Cullman Non-Profits Awarded $180K In CCCDC Grant Money

by | Jan 29, 2018 | Business, Politics

East Elementary Archery 2017 State Champions
Cullman Non-Profits Awarded $180K In CCCDC Grant Money

Big Winners: Cullman High School & County Volunteer Fire Departments

The Cullman County Community Development Commission (CCCDC) held their regular business meeting on Monday night at the Cullman City Hall Auditorium center.

After a few opening remarks, housekeeping duties and approval of the minutes from their last meeting, the Commissioners got down to the core mission of the CCCDC. That core mission is assessing grant application of qualifying parties whose requests fall under the following parameters for purposes of promoting:

★ Economic and Community Development
★ Education
★ Conservation
★ Fire Protection

During the meeting, the following organizations were AWARDED grants in the noted amounts:

Cullman High School – $50,000
Aaron Sparks
Gymnasium Restroom Renovations

Bremen Volunteer Fire Department – $12,000
Donald Stricklin
Firefighter Turnout Gear

West Point Middle School – $12,000
Leah Drauch
Mobile Laboratory

Walter Volunteer Fire Department – $12,000
Randall Henderson
Firefighter Turnout Gear

Good Samaritan Health Clinic – $12,000
Jolanda Hutson
Medical Supply Purchases

First Source For Women – $12,000
Connie Frapppaolo
Mobile Unit Supplies

Simcoe Community Center – $12,000
Fay Whisenant
Structural Renovations

Baileyton Volunteer Fire Department – $11,773.09
Zack McGee
Handheld Radios

United Way of Cullman County – $12,000
Sammie Danford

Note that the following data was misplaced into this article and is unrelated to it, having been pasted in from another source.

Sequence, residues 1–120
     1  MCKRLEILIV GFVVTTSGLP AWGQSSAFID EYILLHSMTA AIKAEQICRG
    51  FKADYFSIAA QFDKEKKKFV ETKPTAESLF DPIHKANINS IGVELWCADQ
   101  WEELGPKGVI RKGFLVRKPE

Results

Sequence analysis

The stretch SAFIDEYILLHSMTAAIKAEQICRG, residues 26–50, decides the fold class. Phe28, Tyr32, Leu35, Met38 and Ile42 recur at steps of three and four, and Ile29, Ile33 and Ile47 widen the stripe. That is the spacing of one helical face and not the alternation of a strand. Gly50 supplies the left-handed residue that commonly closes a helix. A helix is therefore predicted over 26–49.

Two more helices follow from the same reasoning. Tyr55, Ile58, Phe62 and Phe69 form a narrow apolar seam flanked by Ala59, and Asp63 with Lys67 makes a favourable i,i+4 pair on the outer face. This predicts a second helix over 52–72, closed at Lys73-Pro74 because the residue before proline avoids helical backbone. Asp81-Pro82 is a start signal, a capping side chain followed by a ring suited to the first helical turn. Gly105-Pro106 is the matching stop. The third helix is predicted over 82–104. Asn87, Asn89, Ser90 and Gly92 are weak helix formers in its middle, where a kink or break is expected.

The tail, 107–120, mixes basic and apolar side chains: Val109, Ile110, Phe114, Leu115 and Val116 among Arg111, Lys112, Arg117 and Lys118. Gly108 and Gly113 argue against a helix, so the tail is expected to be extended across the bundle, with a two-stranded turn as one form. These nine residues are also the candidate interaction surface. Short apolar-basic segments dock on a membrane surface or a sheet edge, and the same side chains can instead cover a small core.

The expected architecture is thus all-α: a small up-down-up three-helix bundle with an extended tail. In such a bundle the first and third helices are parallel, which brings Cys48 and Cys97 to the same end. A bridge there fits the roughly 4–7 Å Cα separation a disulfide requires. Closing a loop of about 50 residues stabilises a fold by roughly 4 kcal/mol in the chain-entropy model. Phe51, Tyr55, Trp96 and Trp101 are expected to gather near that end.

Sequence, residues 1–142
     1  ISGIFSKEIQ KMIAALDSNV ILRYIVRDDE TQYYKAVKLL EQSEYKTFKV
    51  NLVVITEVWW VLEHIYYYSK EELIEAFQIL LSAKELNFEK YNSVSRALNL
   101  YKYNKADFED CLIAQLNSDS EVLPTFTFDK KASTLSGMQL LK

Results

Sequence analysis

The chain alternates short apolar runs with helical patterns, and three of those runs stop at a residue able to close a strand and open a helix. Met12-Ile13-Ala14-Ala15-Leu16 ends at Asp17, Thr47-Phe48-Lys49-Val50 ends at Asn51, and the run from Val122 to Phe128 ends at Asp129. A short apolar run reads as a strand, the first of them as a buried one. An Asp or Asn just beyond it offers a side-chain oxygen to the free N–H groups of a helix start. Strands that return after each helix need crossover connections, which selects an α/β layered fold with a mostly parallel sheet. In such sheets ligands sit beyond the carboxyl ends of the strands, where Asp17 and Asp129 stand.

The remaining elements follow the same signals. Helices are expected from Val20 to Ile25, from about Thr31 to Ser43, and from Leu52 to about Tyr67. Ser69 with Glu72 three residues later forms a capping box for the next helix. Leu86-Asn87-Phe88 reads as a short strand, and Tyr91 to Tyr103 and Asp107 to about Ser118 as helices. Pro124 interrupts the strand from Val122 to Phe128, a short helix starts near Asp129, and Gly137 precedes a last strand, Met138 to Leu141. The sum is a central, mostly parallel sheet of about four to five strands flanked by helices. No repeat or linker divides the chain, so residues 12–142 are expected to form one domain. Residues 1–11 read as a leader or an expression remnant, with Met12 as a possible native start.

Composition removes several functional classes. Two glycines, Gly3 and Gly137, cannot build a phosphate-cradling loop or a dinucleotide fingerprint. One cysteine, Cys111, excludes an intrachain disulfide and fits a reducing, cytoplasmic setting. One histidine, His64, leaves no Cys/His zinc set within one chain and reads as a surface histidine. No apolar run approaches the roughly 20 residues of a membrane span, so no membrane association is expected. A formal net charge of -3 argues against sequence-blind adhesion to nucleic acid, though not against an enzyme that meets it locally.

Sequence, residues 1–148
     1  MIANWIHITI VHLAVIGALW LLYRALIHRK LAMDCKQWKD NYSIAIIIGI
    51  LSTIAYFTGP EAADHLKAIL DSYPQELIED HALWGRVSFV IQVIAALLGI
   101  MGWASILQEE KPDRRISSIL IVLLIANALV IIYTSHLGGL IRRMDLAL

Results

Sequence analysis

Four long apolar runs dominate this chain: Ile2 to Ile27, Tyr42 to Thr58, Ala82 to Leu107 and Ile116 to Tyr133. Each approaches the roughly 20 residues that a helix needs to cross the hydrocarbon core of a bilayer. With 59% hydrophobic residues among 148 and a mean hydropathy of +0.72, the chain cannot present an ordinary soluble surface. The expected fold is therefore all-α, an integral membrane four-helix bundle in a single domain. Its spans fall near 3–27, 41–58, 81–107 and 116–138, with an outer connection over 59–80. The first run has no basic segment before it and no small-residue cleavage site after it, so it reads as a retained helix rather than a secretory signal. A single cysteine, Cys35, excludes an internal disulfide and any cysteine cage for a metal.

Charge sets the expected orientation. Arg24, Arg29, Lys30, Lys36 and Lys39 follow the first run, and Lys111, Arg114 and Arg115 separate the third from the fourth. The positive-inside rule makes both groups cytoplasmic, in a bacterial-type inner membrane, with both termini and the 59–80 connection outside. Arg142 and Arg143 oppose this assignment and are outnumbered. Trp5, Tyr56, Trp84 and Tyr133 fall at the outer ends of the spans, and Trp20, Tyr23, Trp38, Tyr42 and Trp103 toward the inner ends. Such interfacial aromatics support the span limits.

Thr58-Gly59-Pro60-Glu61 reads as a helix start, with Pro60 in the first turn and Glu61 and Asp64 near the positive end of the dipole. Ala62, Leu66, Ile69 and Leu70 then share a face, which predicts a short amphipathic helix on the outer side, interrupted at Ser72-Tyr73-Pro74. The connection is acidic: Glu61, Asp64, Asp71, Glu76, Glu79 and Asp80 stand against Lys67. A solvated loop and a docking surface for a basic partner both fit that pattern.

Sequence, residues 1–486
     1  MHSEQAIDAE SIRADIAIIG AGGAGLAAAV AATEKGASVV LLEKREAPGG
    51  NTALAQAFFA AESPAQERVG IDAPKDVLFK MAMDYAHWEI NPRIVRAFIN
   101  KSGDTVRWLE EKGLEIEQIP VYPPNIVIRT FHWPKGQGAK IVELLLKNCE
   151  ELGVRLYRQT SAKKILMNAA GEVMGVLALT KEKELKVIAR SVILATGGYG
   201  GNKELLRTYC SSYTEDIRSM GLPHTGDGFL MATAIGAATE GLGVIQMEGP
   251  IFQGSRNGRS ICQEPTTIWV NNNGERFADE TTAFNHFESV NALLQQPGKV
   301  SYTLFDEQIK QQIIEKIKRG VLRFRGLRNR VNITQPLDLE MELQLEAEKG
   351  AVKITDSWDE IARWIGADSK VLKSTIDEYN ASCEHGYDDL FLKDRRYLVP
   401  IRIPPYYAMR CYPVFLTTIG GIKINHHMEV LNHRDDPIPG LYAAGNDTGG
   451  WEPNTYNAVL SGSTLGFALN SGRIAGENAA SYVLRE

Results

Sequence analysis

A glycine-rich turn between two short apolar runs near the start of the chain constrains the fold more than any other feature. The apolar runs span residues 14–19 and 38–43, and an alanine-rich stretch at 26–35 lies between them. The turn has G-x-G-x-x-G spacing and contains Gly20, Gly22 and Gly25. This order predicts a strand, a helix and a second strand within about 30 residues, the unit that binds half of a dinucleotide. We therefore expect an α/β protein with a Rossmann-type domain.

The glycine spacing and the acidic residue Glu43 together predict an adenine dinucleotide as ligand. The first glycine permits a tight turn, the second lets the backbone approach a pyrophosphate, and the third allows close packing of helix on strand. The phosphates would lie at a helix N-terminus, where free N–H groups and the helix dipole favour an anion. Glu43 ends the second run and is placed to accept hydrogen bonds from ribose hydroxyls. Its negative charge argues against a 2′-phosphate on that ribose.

Fund local agencies

Saving Forgotten Warriors – $12,000
Pam Whitt
Food voucher program

Battleground Fire Department – $12,000
Ryan Woods
Firefighter Turnout Gear

West Point High School – $10,000
Candas Baty

One grant request was TABLED by the CCCDC Commissioners:

Carpenter’s Cabinet – $12,000
Chris Warnick
Creation of a kitchen; matching funds

Eight grant requests were DENIED by the CCCDC Commissioners:

Oktoberfest Committee – $12,000
Funding Assistance

Hope Horses Inc. – $12,000
Replacement Gate & fencing

Cullman County Parks & Rec – $12,000
Fencing to reduce Vandalism

Cullman County Mental Health – $12,000
Increased treatment capacity

Cullman Caring For Kids – $12,000
Media advertising to increase awareness

Life That Counts – $12,000
Lack of clarity of purpose of request

Vinemont High School – $12,000
New Bell & intercom system

Logan Preservation Foundation – $12,000
Security Fence

As you can see, it was an active night for Commissioners. The lengthy session took over one hour to fully complete.

Commissioners also revealed the CCCDC’s current financial report early in the meeting. It showed a pre-meeting balance of around $230,000 available-to-award-money. By legislative statute, $100,000 reserve funds typically must remain in the account. Thus, $130,980.25 was available to distribute to grant requests.

The above grant requests approved in this session totaled $179,773.09.